Where the Rainforest Meets the Reef

Scuba diving off the Daintree offers a quick intro into what will soon become a life-long obsession
  |  Gorp.com
clown fish
Nemo Found: A clown fish intermingling with the Great Barrier Reef. (courtesy, Tourism Australia)

I admit it. I didn't want to go scuba diving. Not because I didn't think my first attempt at diving would be less than rewarding—barring an Open Water event, I knew that the Great Barrier Reef would live up to the hype. I simply didn't want to spend half of my only day in the world's largest barrier reef submerged in four feet of water, learning hand singals and how to breath, while the rest of the boat was snorkeling, chasing after sea turtles and rays and clown fish, skimming over brightly colored coral reef systems, and keeping one anxious eye open for the occasional tiger shark. But Leanne's gentle suggestion that we see what scuba would entail before we nixed it proved—as always—to be sage advice for this Northern-Hemisphere skeptic.

We'd actually been slated to join Odyssey H2O, one of two outfitters that run reef trips from the Daintree, the day before. But the tumultuous weather—always a possibility in Cape Tribulation, even during the dry season—had made the water too choppy for the team to load the boat. So we found ourselves with one long, leisurely day in the Daintree with nothing to do—hardly a form of punishment. We lounged on Cape Tribulation Beach, but that didn't last too long. Even with the sun behind the clouds for most of the morning, in less than two hours my fish-belly-white legs were the color of vibrant pink coral. I'd heard that the sun in the Southern Hemisphere was much stronger than in the north, something to do with the hole in the ozone being larger... My pale, Irish/German skin didn't stand a chance. So we packed up and took the car south to the coastal enclave of Port Douglas, a quiet beach town with a scenic row of stores and dive shops, good seafood restaurants, a gorgeous stretch of beachfront, and soaring real-estate prices. By the time we returned to the Daintree, darkness had descended on the rainforest in a rich, black-velvet curtain. We crawled along the road, our headlights swallowed by the night, and retreated to the comfort of the only pub in town—the Jungle Bar, an extension of PK's, Cape Trib's only backpacker's hostel—before returning to the Coconut Beach Rainforest Lodge and praying to the rainforest gods that the morning wouldn't greet us with another cancellation.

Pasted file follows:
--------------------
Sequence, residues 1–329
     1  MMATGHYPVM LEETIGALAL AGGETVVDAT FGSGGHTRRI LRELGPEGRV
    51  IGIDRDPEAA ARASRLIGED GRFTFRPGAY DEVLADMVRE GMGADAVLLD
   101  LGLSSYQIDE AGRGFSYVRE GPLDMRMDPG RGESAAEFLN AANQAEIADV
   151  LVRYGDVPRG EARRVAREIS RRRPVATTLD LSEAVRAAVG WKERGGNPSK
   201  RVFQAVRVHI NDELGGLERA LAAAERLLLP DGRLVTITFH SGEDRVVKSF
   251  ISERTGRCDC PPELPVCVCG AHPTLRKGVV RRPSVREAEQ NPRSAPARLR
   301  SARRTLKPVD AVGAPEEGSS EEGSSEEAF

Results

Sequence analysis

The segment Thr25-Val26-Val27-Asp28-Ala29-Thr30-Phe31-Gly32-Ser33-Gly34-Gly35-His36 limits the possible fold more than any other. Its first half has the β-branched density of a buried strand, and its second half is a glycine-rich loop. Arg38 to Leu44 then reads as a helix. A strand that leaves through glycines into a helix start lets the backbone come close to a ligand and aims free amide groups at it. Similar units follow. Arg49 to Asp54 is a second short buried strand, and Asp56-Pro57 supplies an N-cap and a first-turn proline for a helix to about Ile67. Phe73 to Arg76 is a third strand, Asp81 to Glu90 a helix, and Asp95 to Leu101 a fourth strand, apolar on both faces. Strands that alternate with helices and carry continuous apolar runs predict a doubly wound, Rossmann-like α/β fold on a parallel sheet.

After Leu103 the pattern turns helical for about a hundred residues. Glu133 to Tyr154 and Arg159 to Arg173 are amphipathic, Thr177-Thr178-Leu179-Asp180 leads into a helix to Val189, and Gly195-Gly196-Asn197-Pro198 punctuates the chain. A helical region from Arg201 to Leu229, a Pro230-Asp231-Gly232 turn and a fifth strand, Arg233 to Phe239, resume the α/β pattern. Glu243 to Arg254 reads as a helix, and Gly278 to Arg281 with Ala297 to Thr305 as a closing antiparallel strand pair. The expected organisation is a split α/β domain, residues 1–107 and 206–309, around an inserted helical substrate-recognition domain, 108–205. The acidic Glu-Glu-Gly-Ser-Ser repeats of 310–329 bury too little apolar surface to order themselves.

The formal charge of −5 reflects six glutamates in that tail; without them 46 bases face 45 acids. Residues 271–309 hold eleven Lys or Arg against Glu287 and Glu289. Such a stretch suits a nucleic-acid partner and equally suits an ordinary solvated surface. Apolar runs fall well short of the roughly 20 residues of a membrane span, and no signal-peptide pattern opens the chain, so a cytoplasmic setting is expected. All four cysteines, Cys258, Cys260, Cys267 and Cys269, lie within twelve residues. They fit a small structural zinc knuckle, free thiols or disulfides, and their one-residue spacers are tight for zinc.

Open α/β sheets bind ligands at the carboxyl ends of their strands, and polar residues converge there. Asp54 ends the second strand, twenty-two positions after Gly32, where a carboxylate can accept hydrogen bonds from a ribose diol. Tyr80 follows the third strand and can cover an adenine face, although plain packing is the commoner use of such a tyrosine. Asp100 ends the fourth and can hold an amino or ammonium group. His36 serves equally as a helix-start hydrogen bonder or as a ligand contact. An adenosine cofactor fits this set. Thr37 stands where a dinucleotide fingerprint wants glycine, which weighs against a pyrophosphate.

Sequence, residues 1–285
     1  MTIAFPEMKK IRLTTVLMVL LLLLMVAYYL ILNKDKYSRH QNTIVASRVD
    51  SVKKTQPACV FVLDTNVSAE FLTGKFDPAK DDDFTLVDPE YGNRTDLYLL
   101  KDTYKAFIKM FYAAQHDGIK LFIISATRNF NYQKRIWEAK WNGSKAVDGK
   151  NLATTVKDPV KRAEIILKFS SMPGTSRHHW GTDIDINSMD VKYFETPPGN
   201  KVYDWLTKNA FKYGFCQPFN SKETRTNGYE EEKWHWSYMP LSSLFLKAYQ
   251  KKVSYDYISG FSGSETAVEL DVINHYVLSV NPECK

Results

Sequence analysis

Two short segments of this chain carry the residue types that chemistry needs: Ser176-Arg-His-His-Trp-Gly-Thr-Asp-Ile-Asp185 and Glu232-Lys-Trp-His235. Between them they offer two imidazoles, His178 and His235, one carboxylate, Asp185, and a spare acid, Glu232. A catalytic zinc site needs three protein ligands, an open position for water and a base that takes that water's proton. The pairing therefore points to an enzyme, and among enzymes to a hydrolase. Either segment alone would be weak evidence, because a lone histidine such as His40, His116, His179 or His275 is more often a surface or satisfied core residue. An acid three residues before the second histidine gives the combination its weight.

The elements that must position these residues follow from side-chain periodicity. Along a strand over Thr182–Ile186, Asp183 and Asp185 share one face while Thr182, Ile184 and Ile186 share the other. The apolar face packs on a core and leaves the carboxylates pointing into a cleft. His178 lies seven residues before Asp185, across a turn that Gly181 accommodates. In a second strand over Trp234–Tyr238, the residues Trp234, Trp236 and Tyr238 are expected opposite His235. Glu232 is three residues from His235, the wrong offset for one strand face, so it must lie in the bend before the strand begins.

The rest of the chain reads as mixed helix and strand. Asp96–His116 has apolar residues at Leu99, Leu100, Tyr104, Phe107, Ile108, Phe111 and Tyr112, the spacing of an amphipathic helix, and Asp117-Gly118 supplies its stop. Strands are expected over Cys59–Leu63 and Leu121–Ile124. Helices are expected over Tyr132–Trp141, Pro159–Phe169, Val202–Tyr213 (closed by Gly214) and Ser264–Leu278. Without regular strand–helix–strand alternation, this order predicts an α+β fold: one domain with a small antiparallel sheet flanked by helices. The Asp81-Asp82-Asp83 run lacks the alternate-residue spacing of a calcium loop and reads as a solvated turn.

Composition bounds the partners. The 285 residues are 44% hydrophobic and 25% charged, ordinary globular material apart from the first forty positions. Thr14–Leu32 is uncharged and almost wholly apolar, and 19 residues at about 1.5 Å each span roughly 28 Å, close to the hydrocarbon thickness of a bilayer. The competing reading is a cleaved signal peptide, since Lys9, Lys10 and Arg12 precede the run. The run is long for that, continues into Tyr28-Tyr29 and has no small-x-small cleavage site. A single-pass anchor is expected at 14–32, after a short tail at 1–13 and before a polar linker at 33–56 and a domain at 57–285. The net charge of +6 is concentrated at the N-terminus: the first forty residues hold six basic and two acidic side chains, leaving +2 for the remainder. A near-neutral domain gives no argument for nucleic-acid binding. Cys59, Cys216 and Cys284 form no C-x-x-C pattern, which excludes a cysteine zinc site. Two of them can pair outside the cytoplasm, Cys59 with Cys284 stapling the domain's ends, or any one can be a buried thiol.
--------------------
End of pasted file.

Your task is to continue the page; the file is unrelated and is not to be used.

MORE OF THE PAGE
Early the next day, we were again standing on Cape Tribulation Beach, our shoes tossed into a crate with two-dozen other pairs, waiting to be transported to the massive speedboat bobbing just offshore. Even though the seemingly perpetual storm clouds still hovered over most of Cape Trib, weather reports on the reef proffered blue skies and Visine-clear waters. We hopped onboard a motorized raft with four other reef-bound travelers and half an hour later, the waiting speedboat was rushing us away from the beach toward the reef.

The advantages of scuba diving with H2O became immediately obvious as we were cruising across the open ocean. Most reef excursions—whether from Cairns, Port Douglas, or any other town bordering the reef—evoke mass-transit tour bus nightmares: literally hundreds of people shuttled onto massive catamarans, making a slow crawl toward the outer reefs where that same crowd dives into the same stretch of water. Odyssey H2O tops capacity at 30, meaning less people in the water and more attention from educated guides. Then there's the downtime. Unless you're prone to seasickness, boat rides are undeniably pleasant. But when your goal is to get to the reef, time spent in transit is time lost. Odyssey H2O's boat blazed the 12 nautical miles with Ian Thorpedo-like efficiency. Less than 45 minutes after leaving Cape Trib Beach, we were at Mackay Reef, a gorgeous expanse of light-cobalt-colored water with a thin stretch of a sandy atoll in the distance.


Nathan Borchelt is the lead editor for Away.com

Published: 15 Nov 2004 | Last Updated: 15 Sep 2010
Details mentioned in this article were accurate at the time of publication

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